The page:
In the first year of a child’s life, observation represents the only process to diagnose a potential problem. Watch (and read) closely.
They do not give out manuals about babies when you leave the hospital, nor are they born with instructions.
I recall how helpful and friendly our nurses were when our son, Connor, was less than a day old. Despite managing three tasks at once, they would blurt out something extremely helpful. Whether it was changing a diaper, how to burp an infant after feeding or simply how to hold a skinny and naked seven-pound chicken, they helped.
And it was apparent by the tone in their voice that, 48 hours after being born, we had best get our act together. We were scheduled to be discharged from the hospital.
Here’s some advice to share that may help during the first year of your child’s life. It would have come in handy for both my wife and I and it represents the first page in the (non-existent) baby-instruction manual.
They can’t tell you what’s wrong… So… observe.
The first sign something was off with our son happened on day #2 of our parenting lives. I take zero credit in this particular observation. My wife noticed how our son’s eyes were off… slightly. He had a lazy eye, an extremely mild movement comparing one eye to the next that did not occur frequently. I never caught it.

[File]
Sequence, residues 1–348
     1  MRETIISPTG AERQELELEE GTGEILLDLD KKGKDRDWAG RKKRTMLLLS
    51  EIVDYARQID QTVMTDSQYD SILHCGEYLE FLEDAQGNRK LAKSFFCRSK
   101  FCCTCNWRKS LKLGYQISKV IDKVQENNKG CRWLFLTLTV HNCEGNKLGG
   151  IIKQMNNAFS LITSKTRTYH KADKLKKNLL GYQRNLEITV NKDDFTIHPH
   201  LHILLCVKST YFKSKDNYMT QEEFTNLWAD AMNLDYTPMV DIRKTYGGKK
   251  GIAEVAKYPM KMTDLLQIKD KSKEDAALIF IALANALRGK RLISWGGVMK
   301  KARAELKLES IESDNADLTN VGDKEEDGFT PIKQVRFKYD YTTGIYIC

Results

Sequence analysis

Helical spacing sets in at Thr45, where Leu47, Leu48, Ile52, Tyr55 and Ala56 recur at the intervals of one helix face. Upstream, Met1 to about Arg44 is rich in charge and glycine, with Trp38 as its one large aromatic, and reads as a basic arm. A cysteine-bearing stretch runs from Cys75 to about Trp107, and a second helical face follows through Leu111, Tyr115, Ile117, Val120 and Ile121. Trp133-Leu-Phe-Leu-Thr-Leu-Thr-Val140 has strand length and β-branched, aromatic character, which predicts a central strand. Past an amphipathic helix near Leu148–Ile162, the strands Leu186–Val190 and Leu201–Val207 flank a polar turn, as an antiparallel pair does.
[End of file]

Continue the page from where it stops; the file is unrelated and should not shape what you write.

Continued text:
Have I not mentioned that my wife is a rock-star mom? I have to note this, given her maternal instincts went into overdrive the moment she was baptized as a parent. We are also an adoptive family, so the playbook she had to work with was not clear cut; we had to figure things out about our son that did not genetically stem from ourselves or relatives.
Back to our son’s eyesight. She caught the lazy eye again a few times during the month. Later, when we provided tummy time for our son, he was always cranky when placed on the carpet. He never observed the space immediately in front of him.
Flash forward to the time he’s six months old. Now, my wife observes, he doesn’t often reach for things. Sans the lazy eye, he makes eye contact when we’re in the distance but again, the natural response to reach, touch and grab things is not 100% immediate.
My wife’s friends tell him, ‘he’s a little slow, don’t worry about it.’ My wife did. She recalled from observing him closely, over the first eight months of his life, that something had always been off with his vision.
She did not sit idly by and took action based on… observation. That’s the only thing parents have to work with at this stage until they can speak with some level of cognitive ability.
The appointment and examination she scheduled with our son’s eye doctor validated her concerns. After his eyes were dilated in order to get a clear view of his retina, he was diagnosed as being far-sighted. Thus, he was unable to see things clearly close at hand. In fact, his prescription was + 4.0! His lenses had to correct his vision by 4x so he could see normally.
I was not there when they put his glasses on for the first time, but according to my wife, it was a true moment of clarity. I found a video that relates to the story of our son’s experience.
Don’t be concerned if an observation you make about your child is alarming, even a minor one. Keep an eye on it (no pun intended) and if you find a pattern, speak up and tackle it together with your spouse.
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